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Anna
Anna, Teacher, writer, biologist
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Need advice: identify fire blight in apple tree

Resolved Question:

I need help with how to identify and trim out fire blight in an apple tree that I want to keep alive for aesthetic reasons. I don't see any category related to this question, but if there are any experts out there who can answer this question, I can send pictures of what I think is a pretty wide scale infection of my apple tree. (I have spoke with local nursery, but have received contradictory answers...so I'm asking here)
Submitted: 2 years ago.
Category: General
Expert:  Anna replied 2 years ago.
Hello,

Pictures of the tree would be useful. You can upload them by clicking on REPLY, then click on the paper clip icon in the tool bar at the top of the space where you type. It's right next to the YouTube icon.

Also let me know how long this problem has been occurring. Did it come on gradually?

Thank you.

Anna
Customer: replied 2 years ago.
The problem came on in the Spring of 2011 here in Sacramento. It began it seemed, with the blossoms wilting and straying on the tree. Then, thru the spring and summer, the leaves looked kind of wilted, especially at the tips of the branches.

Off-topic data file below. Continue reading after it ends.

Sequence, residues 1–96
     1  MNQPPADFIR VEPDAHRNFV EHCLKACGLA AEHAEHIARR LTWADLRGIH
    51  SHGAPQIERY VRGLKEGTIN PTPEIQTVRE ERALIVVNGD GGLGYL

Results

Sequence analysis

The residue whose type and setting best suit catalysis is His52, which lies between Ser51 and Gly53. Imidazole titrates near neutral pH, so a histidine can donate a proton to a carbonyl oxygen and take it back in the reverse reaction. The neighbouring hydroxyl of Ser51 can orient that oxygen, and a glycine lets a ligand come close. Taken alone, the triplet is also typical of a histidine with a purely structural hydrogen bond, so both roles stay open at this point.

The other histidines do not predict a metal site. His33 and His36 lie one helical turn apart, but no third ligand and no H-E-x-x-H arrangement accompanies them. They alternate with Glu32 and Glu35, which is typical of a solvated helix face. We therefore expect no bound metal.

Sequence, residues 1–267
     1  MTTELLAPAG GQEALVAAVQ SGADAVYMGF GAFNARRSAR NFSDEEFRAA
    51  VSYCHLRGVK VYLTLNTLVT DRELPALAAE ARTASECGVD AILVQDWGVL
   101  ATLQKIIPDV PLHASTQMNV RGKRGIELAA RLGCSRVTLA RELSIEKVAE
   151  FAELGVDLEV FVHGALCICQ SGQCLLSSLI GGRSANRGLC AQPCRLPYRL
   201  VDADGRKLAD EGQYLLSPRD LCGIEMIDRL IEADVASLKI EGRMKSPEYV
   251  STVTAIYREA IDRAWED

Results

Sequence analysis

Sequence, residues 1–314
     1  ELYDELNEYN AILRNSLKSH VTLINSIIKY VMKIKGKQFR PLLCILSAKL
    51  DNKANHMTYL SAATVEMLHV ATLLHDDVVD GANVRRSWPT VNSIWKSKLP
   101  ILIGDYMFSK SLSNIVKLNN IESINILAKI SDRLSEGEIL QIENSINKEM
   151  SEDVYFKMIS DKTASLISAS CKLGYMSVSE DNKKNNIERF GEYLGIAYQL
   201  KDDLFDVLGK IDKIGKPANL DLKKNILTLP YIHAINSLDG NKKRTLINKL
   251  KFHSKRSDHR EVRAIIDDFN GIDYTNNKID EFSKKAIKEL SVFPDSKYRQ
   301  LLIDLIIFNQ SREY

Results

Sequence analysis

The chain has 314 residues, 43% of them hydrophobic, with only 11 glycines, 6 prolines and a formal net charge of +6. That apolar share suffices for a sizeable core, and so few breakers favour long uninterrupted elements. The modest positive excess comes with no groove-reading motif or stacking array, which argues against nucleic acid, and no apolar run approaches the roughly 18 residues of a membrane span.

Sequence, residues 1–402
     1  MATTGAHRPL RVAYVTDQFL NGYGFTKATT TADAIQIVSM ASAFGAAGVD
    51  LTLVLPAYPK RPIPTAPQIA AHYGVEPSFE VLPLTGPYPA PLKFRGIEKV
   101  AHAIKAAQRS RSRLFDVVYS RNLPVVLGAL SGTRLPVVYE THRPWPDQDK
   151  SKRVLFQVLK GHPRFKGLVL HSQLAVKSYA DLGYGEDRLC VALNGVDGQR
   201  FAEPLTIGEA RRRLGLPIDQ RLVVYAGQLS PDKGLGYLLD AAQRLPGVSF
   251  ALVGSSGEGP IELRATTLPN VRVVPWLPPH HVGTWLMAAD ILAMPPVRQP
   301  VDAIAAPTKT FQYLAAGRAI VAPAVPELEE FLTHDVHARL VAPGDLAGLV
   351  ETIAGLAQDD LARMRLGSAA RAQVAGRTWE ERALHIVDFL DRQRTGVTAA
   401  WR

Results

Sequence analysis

Now, in the midst of winter, the wilted blossom stems still are stuck to the branches. Also, on at least 1/2 of the fruit bearing spurs? (by this I mean the thinnest part of branch where buds appear--the last year of growth)---the wood seems dead, and there appear some cankers in the last year of growth.

As far as the pics...I do not see any tool bar at the top of the space I am typing. Maybe it is the CHROME browser I am on?? If there is some other way to send them, please let me know. I can also ask the justanswer folks how to do this.
Expert:  Anna replied 2 years ago.
You can post the photos on one of the free photo-sharing sites such as www.photobucket.com

Then come back here and post a link to the photos in a REPLY.

Anna
Customer: replied 2 years ago.
FYI...now that I have opened up justanswer using internet explorer browser...there are all the items in the mentioned including the paper clip...and instructions on the side for uploading a file. So I just need to go snap some pics and load them on the computer and upload them to you. Back in 10 min.
Expert:  Anna replied 2 years ago.
I'll check back in a little while.

Anna
Expert:  Anna replied 2 years ago.
Hello again,

I suspect you may have run into complications with the photos. It would be nice to see them, but with the additional information you provided in your reply, I think I can answer your question without the pictures. I can hardly believe a nursery told you the problem might be "just" root rot. That must not have been a very well-informed employee. Root rot is extremely serious and often fatal. But symptoms of root rot include yellowing leaves that fall prematurely, slowed growth, branch dieback, and thinning of the tree's crown. These symptoms occur because the rotted roots cannot transport nutrients and water up the trunk. If all the roots are affected, the tree will die. If parts of them are affected, the corresponding above ground sections will be sickly. Over a period of years, such a tree will continue to decline. From what you have describe, I don't believe your tree has root rot.